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Maybe all diplomacy should be conducted this way — directly on webcam and out in public.

Facebook chief executive Mark Zuckerberg and U.K. Prime Minister David Cameron followed up on their meeting in London last month with a video chat today on how the government can leverage the social network to help solve its fiscal woes.

The U.K., which is in a difficult financial state, just as the U.S. is, posted a 155 billion pound deficit this year, and the government is asking citizens for ideas to cut public spending. Facebook is stepping up to support it on its Democracy U.K. Fan Page.

Cameron’s government, which just stepped into power in May, has been using crowdsourcing in all kinds of novel ways. It has also created a web site where citizens can suggest laws the government should get rid of.

The chat comes at a time when governments in developed countries are experimenting with social media technologies to become closer and more transparent with their citizenry. Tech publisher Tim O’Reilly has coined the metaphor that government is a platform in much the same way that companies like Facebook are platforms, supporting hundreds of thousands of small businesses and hundreds of millions of dollars in commerce.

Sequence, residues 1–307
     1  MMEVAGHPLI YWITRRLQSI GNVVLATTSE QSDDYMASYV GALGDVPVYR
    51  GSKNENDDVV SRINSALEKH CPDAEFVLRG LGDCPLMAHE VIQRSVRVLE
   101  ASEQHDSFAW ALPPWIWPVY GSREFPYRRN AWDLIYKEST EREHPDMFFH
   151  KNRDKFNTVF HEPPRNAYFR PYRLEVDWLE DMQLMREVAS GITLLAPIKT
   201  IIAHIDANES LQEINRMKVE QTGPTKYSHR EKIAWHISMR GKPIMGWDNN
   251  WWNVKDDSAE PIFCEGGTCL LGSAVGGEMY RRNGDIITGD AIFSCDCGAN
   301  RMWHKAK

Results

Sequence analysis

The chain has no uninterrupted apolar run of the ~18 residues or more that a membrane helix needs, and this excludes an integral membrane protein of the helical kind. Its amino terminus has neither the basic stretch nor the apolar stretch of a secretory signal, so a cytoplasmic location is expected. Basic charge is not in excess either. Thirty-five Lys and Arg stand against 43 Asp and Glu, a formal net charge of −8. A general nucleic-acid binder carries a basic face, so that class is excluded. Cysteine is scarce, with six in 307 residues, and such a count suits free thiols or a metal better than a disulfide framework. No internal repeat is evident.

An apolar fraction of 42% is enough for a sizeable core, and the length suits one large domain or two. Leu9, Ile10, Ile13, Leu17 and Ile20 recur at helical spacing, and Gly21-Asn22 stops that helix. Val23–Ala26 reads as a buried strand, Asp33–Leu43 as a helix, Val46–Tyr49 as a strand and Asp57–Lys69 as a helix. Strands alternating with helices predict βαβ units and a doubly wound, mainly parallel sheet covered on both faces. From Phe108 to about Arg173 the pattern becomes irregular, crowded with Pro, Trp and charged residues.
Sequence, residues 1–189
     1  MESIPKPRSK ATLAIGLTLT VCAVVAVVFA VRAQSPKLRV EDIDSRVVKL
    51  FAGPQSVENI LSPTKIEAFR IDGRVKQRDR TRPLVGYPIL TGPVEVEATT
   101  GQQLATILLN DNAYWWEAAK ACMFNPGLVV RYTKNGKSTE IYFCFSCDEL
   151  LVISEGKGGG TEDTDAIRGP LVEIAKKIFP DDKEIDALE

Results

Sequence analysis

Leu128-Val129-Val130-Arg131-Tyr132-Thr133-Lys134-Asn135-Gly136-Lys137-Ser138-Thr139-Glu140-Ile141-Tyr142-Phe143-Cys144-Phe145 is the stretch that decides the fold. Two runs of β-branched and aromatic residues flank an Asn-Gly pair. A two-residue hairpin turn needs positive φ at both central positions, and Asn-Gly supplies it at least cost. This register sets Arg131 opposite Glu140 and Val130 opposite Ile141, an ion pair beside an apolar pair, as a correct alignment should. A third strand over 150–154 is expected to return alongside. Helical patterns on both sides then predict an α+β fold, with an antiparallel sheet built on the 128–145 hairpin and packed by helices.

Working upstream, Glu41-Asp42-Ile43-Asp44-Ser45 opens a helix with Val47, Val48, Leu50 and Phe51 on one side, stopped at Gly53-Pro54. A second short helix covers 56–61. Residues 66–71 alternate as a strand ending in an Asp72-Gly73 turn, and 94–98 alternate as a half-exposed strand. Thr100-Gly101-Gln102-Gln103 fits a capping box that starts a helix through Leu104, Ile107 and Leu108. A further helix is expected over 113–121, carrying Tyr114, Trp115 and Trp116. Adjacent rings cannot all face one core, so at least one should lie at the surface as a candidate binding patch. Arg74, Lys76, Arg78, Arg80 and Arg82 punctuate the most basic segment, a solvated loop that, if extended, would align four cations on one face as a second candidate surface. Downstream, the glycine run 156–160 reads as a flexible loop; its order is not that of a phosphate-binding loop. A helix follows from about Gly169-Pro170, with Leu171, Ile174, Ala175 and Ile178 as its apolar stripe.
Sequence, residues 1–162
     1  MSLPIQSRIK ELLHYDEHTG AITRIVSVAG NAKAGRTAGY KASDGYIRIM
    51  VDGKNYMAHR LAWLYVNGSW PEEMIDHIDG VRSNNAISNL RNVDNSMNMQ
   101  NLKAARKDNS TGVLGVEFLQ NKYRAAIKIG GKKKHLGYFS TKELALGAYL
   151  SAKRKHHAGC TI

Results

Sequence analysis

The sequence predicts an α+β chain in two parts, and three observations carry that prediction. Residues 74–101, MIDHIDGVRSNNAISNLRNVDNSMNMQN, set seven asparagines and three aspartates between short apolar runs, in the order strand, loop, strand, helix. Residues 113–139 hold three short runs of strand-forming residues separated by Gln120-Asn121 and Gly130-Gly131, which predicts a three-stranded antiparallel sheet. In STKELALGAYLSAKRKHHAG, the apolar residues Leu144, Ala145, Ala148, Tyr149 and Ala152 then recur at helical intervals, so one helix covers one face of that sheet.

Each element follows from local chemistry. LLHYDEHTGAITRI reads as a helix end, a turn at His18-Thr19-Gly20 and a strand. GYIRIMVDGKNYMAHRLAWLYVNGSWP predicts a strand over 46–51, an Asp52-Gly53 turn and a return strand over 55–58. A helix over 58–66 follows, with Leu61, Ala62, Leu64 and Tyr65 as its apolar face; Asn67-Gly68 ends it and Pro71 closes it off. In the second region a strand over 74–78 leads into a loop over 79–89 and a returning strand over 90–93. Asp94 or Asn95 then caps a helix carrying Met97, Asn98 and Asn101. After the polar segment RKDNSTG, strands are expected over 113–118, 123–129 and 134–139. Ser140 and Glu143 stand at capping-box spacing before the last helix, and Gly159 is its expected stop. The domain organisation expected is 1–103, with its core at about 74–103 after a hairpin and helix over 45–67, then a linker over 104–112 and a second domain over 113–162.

At the same time, Facebook is getting large enough with nearly 500 million users that if it were a country, it would be the third most populous in the world. Brad Burnham, a partner at Union Square Ventures, which was one of Twitter’s earliest investors, has made the opposite (but not mutually exclusive) argument that web services are becoming more like governments, requiring two-way dialogue with the users and developers they serve in order to create effective policies. This is perhaps a sign that we’ll see the two types of organizations collaborate further in the future.


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